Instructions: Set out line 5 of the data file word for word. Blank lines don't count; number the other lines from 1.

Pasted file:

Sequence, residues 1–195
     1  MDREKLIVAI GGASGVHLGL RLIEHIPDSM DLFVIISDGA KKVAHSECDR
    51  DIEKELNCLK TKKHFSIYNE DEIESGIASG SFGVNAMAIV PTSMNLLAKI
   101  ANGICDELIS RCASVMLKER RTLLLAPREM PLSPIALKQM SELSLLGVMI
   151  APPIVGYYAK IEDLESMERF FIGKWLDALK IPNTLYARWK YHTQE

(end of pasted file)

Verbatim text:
   151  APPIVGYYAK IEDLESMERF FIGKWLDALK IPNTLYARWK YHTQE